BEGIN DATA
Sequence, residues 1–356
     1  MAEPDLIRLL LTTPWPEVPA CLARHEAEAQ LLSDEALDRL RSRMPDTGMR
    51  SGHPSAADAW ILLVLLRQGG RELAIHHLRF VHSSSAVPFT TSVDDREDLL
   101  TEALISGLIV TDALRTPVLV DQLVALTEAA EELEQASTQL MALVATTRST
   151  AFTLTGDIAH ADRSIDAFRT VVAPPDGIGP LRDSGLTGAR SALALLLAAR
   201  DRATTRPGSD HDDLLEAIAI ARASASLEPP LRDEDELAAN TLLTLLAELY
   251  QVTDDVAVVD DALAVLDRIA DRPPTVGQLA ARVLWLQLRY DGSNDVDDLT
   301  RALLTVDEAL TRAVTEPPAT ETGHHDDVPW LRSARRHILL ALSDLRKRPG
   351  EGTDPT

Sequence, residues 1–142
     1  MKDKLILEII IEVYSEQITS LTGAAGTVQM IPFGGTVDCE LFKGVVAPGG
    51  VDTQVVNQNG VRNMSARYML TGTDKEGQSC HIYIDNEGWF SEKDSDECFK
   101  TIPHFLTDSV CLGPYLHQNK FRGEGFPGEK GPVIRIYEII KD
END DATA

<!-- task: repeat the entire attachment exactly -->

Sequence, residues 1–356
     1  MAEPDLIRLL LTTPWPEVPA CLARHEAEAQ LLSDEALDRL RSRMPDTGMR
    51  SGHPSAADAW ILLVLLRQGG RELAIHHLRF VHSSSAVPFT TSVDDREDLL
   101  TEALISGLIV TDALRTPVLV DQLVALTEAA EELEQASTQL MALVATTRST
   151  AFTLTGDIAH ADRSIDAFRT VVAPPDGIGP LRDSGLTGAR SALALLLAAR
   201  DRATTRPGSD HDDLLEAIAI ARASASLEPP LRDEDELAAN TLLTLLAELY
   251  QVTDDVAVVD DALAVLDRIA DRPPTVGQLA ARVLWLQLRY DGSNDVDDLT
   301  RALLTVDEAL TRAVTEPPAT ETGHHDDVPW LRSARRHILL ALSDLRKRPG
   351  EGTDPT

Sequence, residues 1–142
     1  MKDKLILEII IEVYSEQITS LTGAAGTVQM IPFGGTVDCE LFKGVVAPGG
    51  VDTQVVNQNG VRNMSARYML TGTDKEGQSC HIYIDNEGWF SEKDSDECFK
   101  TIPHFLTDSV CLGPYLHQNK FRGEGFPGEK GPVIRIYEII KD